In a surprise move, FIFA has slapped Mehdi Taremi, the Iranian superstar striker of Persepolis Tehran, with a four-month ban from club football, due to his contract violation with Turkish club Çaykur Rizespor.

Taremi had been in a contract dispute with Rizespor dating back to June 2016, when the player reached an agreement to join the club but later returned to Persepolis. The Turkish side will receive 789,500 euros in compensation from Persepolis for breach of transfer rules.

Persepolis has also been banned from signing any players in the next two transfer windows.

In one of his best seasons ever, and in a World Cup qualifying year, Taremi's lengthy ban will probably affect his form and will take his name out of the running for 2017 Asian Player of the Year. It's terrible timing for the club, too, with Persepolis drawn to play against Saudi Arabia's Al-Hilal in the Asian Champions' League semis, now without their best player.

The internet, as ever, is rife with talk of conspiracy, and in Iranian football forums, fans are convinced the Saudis are funding the Turkish club and paying off FIFA. But it will be interesting to see how the Iranian champions handle the pressure without Taremi.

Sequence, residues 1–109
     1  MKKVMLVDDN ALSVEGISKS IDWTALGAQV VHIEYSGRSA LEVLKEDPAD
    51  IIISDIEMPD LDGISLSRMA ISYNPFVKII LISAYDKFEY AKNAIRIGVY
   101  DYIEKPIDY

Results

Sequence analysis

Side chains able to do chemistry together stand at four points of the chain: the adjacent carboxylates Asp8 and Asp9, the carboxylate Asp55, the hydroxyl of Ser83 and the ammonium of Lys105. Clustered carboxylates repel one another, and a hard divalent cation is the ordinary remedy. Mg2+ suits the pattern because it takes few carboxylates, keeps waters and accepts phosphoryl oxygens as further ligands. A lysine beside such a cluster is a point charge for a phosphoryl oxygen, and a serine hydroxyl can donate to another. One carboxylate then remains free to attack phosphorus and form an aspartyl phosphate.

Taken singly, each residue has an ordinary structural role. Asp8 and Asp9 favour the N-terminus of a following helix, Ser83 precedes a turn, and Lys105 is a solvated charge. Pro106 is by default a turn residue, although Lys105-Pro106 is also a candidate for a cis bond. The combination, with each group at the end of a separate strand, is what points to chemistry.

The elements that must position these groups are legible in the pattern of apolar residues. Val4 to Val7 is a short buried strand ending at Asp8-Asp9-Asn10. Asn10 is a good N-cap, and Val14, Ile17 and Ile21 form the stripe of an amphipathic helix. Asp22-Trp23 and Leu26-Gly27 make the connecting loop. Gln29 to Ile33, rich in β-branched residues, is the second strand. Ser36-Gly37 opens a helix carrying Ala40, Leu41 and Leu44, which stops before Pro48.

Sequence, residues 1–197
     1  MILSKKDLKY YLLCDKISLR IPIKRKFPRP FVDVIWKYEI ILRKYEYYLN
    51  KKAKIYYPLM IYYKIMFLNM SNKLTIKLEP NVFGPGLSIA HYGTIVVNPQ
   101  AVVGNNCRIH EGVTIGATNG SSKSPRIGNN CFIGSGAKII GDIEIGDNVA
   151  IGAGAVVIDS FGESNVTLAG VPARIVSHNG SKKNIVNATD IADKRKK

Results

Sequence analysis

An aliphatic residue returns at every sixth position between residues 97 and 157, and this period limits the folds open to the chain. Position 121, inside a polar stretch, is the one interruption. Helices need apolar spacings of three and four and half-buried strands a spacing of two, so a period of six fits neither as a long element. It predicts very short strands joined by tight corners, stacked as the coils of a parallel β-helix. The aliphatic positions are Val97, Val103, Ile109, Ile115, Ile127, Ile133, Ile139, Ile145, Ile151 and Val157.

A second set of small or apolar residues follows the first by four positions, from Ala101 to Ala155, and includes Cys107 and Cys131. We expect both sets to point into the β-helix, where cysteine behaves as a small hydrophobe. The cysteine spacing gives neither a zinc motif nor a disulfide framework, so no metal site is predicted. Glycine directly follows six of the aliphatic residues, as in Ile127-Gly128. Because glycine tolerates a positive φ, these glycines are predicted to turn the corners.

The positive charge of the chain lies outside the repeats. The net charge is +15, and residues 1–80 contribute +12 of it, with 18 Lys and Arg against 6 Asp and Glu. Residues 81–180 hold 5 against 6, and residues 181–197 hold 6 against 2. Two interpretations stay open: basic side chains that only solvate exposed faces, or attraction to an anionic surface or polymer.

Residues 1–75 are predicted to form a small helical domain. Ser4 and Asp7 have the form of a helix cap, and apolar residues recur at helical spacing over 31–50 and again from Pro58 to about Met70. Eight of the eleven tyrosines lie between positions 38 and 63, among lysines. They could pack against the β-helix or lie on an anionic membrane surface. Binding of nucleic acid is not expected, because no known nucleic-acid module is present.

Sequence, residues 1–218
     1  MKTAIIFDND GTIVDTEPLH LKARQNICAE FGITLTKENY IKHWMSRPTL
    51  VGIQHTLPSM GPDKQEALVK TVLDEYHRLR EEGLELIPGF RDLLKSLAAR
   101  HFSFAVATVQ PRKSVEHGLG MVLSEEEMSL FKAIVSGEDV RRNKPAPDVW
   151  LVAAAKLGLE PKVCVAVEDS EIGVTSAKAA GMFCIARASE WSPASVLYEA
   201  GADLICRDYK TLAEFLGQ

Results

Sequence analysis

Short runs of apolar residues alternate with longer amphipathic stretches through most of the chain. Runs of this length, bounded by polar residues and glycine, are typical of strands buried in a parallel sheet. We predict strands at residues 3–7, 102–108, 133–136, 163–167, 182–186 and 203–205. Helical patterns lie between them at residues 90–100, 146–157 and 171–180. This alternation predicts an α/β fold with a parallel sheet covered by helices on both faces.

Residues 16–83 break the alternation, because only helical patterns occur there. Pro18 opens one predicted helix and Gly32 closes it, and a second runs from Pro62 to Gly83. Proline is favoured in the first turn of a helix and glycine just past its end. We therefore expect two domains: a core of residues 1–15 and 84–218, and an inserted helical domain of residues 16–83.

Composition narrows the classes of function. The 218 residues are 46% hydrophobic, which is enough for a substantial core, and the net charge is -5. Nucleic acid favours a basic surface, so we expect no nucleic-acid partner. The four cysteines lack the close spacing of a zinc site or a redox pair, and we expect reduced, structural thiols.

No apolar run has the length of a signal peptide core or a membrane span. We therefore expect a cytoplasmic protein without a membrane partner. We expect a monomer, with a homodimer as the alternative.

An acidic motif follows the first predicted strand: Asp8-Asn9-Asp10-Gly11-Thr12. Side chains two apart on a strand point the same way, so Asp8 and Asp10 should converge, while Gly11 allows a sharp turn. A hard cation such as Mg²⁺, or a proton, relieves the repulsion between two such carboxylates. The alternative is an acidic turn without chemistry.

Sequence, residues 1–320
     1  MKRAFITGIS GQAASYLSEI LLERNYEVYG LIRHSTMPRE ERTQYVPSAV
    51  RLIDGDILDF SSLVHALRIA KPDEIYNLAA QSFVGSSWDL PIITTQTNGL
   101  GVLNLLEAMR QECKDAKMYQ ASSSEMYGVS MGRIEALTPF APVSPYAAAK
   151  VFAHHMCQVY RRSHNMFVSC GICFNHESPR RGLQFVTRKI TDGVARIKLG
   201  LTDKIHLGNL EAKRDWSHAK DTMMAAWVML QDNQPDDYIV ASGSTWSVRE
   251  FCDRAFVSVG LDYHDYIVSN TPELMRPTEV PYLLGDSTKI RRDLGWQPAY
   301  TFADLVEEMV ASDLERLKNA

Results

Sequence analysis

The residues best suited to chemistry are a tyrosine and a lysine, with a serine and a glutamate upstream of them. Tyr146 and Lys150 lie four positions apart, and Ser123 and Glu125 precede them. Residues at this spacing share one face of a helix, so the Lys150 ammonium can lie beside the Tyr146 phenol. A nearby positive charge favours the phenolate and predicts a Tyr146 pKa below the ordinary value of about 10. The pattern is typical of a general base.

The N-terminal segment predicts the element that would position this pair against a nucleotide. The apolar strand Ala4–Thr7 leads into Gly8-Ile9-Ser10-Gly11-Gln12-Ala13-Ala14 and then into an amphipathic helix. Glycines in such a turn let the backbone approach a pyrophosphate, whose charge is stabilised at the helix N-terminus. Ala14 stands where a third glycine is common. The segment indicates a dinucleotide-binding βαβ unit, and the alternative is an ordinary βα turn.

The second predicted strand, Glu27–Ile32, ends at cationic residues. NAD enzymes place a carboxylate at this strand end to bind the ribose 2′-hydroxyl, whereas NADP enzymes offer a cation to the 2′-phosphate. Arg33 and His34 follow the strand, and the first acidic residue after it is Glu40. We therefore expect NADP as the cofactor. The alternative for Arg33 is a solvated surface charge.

Game on in Palestine

The Palestinian League kicked off this weekend after a long break.

This season, Dauri Muhtarifin should be a very interesting competition, with both Shabab and Ahli Al-Khaleel, the two major clubs from Hebron City, losing important figures, while champions Hilal Al-Quds have further strengthened their side, recruiting Rami Hamadi and Ali Adawi.

Shabab Dhariah seem to meandering without direction, and Thagafi Tulkarem will miss the Mar'abeh brothers, who moved to Hebron's Al-Ahli.

Despite the excitement for the new season and the new squads, the scoresheet was pretty dull for the first matchday, with just twelve goals scored across six matches.

And six of those goals were scored in one match, with Shabab Samu crushing Dura 5-1.

Istanbul derby

Istanbul derbies are well known all over the world for their intensity, fierce atmosphere and poor refereeing - but the one that was played between Fenerbahce and Besiktas on Saturday night was something else.

The match at the Şükrü Saracoğlu Stadium saw 11 yellow cards, five reds, two penalties and three goals. The goals from Giulano and Janesn for Fener won the game, despite the late goal by Ryan Babel for Besiktas' Black Eagles.

For years, due to the number of cards, whistles and controversial decisions they take, referees have been the main figures in Istanbul derbies. With the decision to lift the ban on away crowds in the city's derbies, even more fuel has been added to these football bonfires, and it's coming back to fashion that the officials are again the stars of the show.

Nevertheless, this weekend's derby was only a warm-up to Istanbul's fiercest battle - Fenerbhace versus Galatasaray - pitting the Asian and the European sides of the city against each other in a clash due at the end of October.

Uri Levy runs the popular football blog BabaGol, which covers football and politics focusing on the Middle East. Follow him on Twitter, and read his blog here